I got in last night late, around 10 pm, and all day today we had orientation, where we sat in a room and listened to our resident director (who is very funny and nice) talk to us about safety, our living accommodations, etc. I was initially disappointed to find out that I'll be living in the Ghana Hostels, aka the Pentagon because I requested a homestay but first come, first serve, and I know I'll have a great time living on campus. There are pros and cons with all living situations and in my suite, I will have close access to internet and I'll be right on campus, where (surprisingly) there are lots of restaurants and bars. I was just talking with my hotel roommate, Allegra, about how living in campus housing is cool in the way that you can make your own plans, do things on your own time, and be responsible for only yourself. I am anxious now to find out what campus is like and how my suite is- it was easy to get over my disappointment once I learned who will be living in the same building and they all seem like really sweet people. I'm looking forward to getting a feel for how Ghanaians who are my age live. I will apparently most likely be paired with either a Ghanaian or Nigerian roommate.
A few of us had to exchange money today because we were supposed to be buying cell phones, so we headed down to the Bureau in Legon. K. K, a U-Pal volunteer from the University of Ghana took us there (thank god!!). I will definitely need some time to get used to the fast pace of the transportation systems, especially the tro-tro, where boys hang out of these mini-vans and shout where their car is going. One tro-tro actually started taking off when one of the girls that I was with was still in it. Overall, the experience was crazy and awesome- seeing women carry huge baskets of anything on their heads, almost hitting the people selling anything from plaintains to folding chairs in the middle of the street (as in standing in the middle of the road, between lanes, going up to cars stopped in traffic) to little BEAUTIFUL Ghanaian children clapping and smiling on the side of the road. Ghanaian babies and toddlers are the absolutely CUTEST things I have ever seen in my life. They are so friendly and adorable, I can't wait to volunteer somewhere where I'll be surrounded by children.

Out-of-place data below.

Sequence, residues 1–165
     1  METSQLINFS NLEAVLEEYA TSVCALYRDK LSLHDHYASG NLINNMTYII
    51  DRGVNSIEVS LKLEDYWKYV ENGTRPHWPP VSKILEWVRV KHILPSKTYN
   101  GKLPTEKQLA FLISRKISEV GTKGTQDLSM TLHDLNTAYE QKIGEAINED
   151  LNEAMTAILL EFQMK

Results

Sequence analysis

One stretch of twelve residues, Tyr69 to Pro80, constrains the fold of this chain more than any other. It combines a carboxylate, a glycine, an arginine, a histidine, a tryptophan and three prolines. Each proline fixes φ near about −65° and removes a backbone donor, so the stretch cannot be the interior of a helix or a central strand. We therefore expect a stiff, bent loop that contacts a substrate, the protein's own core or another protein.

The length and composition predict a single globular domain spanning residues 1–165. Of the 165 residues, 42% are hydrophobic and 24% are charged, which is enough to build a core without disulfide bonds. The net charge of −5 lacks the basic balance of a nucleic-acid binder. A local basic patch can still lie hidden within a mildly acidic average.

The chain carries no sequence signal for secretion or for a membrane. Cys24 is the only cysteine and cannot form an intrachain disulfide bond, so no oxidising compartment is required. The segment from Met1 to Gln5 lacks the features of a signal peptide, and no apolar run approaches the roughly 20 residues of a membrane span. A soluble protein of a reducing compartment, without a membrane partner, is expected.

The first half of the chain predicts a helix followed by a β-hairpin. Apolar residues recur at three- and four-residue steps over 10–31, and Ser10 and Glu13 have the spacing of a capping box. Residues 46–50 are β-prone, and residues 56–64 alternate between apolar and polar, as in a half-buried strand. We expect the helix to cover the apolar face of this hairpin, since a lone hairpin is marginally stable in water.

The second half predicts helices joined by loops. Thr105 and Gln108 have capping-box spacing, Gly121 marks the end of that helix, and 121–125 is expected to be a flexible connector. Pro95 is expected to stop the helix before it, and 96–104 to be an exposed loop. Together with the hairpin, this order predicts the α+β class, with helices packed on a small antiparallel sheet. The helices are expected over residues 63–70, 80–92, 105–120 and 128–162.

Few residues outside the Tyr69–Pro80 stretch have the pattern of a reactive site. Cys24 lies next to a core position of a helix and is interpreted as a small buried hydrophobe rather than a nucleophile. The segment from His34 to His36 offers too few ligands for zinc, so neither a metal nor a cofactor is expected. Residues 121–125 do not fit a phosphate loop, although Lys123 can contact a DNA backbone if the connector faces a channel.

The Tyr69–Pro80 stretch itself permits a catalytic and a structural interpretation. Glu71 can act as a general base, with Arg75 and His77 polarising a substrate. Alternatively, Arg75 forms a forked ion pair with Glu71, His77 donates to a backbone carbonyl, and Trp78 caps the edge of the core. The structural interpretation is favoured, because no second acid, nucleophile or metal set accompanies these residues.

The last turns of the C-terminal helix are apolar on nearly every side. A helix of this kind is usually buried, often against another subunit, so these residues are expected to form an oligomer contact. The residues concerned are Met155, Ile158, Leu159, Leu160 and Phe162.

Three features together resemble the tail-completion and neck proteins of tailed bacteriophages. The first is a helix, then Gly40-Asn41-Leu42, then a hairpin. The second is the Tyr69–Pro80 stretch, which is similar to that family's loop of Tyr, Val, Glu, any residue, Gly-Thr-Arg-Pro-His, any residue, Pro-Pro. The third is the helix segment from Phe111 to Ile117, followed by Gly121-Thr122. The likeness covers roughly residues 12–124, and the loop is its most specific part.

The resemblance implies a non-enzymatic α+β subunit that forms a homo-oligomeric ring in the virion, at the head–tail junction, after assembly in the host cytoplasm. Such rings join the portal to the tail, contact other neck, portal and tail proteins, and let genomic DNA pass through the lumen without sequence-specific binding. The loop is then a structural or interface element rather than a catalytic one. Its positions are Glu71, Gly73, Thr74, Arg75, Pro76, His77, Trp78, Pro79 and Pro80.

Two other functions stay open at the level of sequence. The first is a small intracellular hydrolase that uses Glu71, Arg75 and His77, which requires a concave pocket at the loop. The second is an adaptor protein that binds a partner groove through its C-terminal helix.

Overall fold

The weather is so nice- originally it smelled just like Florida air, but today it definitely had a more distinct smell. It was hot today, but the air conditioning in our hotel rooms and the pool were effective in relieving us of the heat. Oh, and apparently there is no drinking age here (A.B, a CIEE U-Pal volunteer told me that children can purchase alcohol and the vendors will just assume its for their parents), so tonight a few other students and I tried the Star and Stone beer from the hotel bar (Star is lighter, and I think, better) but they were both very good. As far as food goes, I tried beans that they had for breakfast, which were baked bean style, but with a tomato sauce. I liked it a lot and actually probably preferred it to American baked beans. I also ate some fish last night, and my first bite resulted in about 10 broken fish bones in my mouth, which I was not expecting at all. Today I had the fish again, but I avoided the bones this time. Everyone here has been so friendly and welcoming, and everyone asks how you are doing and how you slept. It has been a great experience so far, and I'm looking forward to going on a scavenger hunt-type adventure in the town tomorrow, which is another part of orientation. I miss everyone so much and hope everyone is doing well.
I finally made it to Ghana! My flights were interesting; my second was much more spacious and comfortable than the first. I sat next to this wonderful and friendly Ghanaian woman on the second flight who was coming to Ghana to visit her 2 sons. She taught me a few phrases in Twi like how are you? Well (Ete sen? And awa) and Good night ( I forgot this one already). We had great conversations (which mostly consisted of me asking her tons of questions) and she gave me her phone number towards the end of the flight and told me to call her so that she can come visit me in Legon on her way to Medina, where her second home is. She also wanted to introduce me to both of her sons, who graduated from the University of Ghana.